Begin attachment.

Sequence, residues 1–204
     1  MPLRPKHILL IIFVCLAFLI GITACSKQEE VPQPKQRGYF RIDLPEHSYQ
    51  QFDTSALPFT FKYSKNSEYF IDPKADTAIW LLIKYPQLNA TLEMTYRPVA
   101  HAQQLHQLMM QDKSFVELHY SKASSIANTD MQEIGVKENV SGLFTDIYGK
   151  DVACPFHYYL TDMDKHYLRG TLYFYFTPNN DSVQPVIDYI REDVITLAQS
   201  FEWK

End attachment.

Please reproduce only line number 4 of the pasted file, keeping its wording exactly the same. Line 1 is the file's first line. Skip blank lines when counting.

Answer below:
   101  HAQQLHQLMM QDKSFVELHY SKASSIANTD MQEIGVKENV SGLFTDIYGK